Against the distant possibility that I have readers who don't already understand this: parental notification requirements for minors getting abortions are a very bad idea for a number of reasons, not least because not all parents are responsible parents.

5: Yes

This bundle of reforms in drug policy toward dramatically reduced penalties for possession of marijuana, and better access to treatment, is flawed policy but a whole lot better than what we have now. It's become evident that legislatures cannot provide any sanity in this area, so voting for this proposition is the lesser evil.

6: No

A bundle of “law and order” stuff: budget set asides for cops, stiffer legal penalties, prison spending, et cetera. Further screwing up legislatures' ability to set budgets, and putting more people in jail for longer is only good for the prison-industrial complex.

7: No

It's renewable energy, which is tempting, but there are a lot of policy details lurking in there. Looking at supporters and opponents, I find responsible groups on both sides. When in doubt, I vote no.

8: No!

I spoke with some folks who have been phone banking who say that folks are confused on this one, so let me remind folks: Prop 8 eliminates the right to same-sex marriage established by California courts. Say No to hate; vote No on 8.

9: No

Like Prop 6, this revision to parole rules means more people in jail longer. It also means that without the carrot of parole to offer to prisoners, prisons become more hellish, less rehabilitative, and harder to manage.

10: No

As with Prop 7, this renewable energy measure is tempting ... but again there are too many mixed signals out there with endorsements and anti-endorsements. It will evidently be a big windfall for the natural gas people, which isn't really the point. So I'm voting No.

11: No

Yeah, we need redistricting reform, but it's tricky to define good policy for this. Most of the sources I trust are against this, so I'm thinking better safe than sorry and voting No.

12: Yes

This bond to help out veterans with housing money is exactly what you want from a bond measure: it gives loans to veterans, paying for itself as the vets pay the loans back, taking advantage of the state's ability to create a bigger risk pool to make better loans available to more people.

01 November 2008

Market forces and food

In an old blog post on market fundamentalism I said:
I believe in using heavy taxation to push market incentives in the right directions. Americans are getting obese because, in part, sugar is cheap and readily available while fresh vegetables are harder to obtain. (Anyone who doubts the latter has been spending too much time in foodie places like my hometown; in much of America you can't find anything greener than iceberg lettuce for love or money.) We should tax sugar back into being a luxury, and subsidize the salad industry.
Recently I noticed Ezra Klein asking why is bad food cheap?
Put aside the externalities. The weight gain and the chronic diseases and the carbon pumped into the atmosphere. Bracket it, as my college political science professors used to say. There's a tendency to believe bad food is simply cheap. We make it like that because it saves us money. Sometimes, that's true. More often, it's not. Bad food is subsidized. Take high-fructose corn syrup. These days, the average American consumes almost 60 pounds of the stuff each year. Forty years ago, they consumed a pound or two of corn-based sweeteners. What happened?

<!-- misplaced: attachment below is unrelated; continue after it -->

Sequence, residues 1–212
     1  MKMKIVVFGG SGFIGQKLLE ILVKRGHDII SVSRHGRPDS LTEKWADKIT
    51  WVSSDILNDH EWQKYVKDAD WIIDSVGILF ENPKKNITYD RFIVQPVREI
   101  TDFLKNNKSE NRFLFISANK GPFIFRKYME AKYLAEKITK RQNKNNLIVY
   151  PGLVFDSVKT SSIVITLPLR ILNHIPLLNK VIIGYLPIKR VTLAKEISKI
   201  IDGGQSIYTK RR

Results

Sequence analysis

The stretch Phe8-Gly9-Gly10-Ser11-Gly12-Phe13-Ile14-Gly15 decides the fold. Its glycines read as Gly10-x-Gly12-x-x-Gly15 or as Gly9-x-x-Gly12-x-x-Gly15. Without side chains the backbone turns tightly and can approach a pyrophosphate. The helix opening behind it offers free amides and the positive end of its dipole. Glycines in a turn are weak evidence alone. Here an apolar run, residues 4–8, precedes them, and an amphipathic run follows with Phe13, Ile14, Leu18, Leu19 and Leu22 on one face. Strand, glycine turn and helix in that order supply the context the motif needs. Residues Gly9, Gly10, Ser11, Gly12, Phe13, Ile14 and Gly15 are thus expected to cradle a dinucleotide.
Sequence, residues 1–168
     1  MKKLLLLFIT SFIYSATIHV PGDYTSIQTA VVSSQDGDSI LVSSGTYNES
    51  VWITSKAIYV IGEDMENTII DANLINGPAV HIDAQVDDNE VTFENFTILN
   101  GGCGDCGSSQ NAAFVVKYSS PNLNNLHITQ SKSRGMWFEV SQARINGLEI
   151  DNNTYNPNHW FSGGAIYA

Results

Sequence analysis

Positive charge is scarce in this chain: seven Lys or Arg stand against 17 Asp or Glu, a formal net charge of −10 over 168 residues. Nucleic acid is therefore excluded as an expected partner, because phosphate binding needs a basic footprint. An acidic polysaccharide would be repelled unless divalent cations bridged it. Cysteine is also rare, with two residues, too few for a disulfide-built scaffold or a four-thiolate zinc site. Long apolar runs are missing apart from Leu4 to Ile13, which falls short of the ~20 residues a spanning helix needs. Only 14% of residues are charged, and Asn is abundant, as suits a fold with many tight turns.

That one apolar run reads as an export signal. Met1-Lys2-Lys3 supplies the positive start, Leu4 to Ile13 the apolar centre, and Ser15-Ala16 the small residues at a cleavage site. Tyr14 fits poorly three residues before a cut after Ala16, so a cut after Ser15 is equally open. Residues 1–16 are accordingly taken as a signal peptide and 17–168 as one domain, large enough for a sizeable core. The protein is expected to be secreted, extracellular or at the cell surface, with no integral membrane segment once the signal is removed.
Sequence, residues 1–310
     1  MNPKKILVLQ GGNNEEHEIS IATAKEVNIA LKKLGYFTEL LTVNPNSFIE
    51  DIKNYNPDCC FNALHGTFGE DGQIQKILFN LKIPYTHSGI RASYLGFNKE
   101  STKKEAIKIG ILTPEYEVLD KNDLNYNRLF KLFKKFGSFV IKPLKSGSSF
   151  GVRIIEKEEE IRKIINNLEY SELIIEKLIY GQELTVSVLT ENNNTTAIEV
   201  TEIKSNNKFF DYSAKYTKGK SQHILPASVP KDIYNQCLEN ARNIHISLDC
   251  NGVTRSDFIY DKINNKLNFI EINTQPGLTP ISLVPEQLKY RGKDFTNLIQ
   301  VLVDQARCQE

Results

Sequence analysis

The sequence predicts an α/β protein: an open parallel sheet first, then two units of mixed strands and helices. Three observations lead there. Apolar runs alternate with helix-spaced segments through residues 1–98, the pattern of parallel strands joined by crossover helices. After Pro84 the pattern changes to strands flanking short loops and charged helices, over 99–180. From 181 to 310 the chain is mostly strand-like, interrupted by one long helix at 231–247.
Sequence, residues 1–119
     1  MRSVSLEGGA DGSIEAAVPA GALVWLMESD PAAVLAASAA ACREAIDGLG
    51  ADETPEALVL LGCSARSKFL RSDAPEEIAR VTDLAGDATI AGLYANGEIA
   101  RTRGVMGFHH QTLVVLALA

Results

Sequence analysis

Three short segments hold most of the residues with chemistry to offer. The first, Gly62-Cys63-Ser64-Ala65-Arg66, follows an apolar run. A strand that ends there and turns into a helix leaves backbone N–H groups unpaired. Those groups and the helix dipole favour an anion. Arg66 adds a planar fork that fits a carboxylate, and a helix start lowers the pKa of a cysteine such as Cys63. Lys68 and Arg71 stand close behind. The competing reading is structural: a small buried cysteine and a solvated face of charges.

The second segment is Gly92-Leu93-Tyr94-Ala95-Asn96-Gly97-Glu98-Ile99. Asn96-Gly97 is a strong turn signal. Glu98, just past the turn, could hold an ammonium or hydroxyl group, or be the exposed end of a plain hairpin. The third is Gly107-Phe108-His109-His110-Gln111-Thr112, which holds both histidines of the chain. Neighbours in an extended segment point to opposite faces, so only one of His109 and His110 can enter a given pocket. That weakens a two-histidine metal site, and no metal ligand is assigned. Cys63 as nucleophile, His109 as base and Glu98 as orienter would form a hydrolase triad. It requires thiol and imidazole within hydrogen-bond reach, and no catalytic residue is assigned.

Sugar is pricey because the government, on the one hand, pays corn producers to sell high fructose corn syrup for below market cost, and because it won't allow the importation of cheap sugar from other countries.
taxpayers are handing billions over to the meat and grain industries in order to convince livestock producers to sell their product at below market rates. We are funding this system.


Anil Dash looks closely at what Sarah Palin is saying.
Put simply, if Palin says “Barack Obama consorts with terrorists”, she is making the assertion that he supports acts of violence against American citizens and the media will refute this obviously false assertion. If, instead, Palin says he “pals around with terrorists”, she's used code-switching to mask the seriousness of the charge, obfuscating her meaning enough to get away with making an assertion that inevitably calls for the imprisonment or even assassination of a political opponent.

This clever use of language only hides Palin's meaning from members of the press. Because writers for traditional media are usually highly educated and pride themselves on their mastery of Standard American English, they can often look down on dialects like AAVE and North Central English. Instead these forms of language being seen as legitimate and interpreted in the social context where they've formed, they're dismissed as being the words of “people who don't even speak proper English!” In the cases where the ideas aren't outright dismissed, there is still rampant misinterpretation of meaning: Reporters wrongly see a term like “palling” as imprecise, when compared to a word like “consorting”.

But these words are not imprecise to their intended audience. They are, in fact, clearer than using legalistic terms like “consorting”. They amplify the urgency of the statements, and increase the sense for Palin's audience that they're on the same page with her, speaking a language too “plain”, too full of “straight talk”, for the press to understand. And they're right.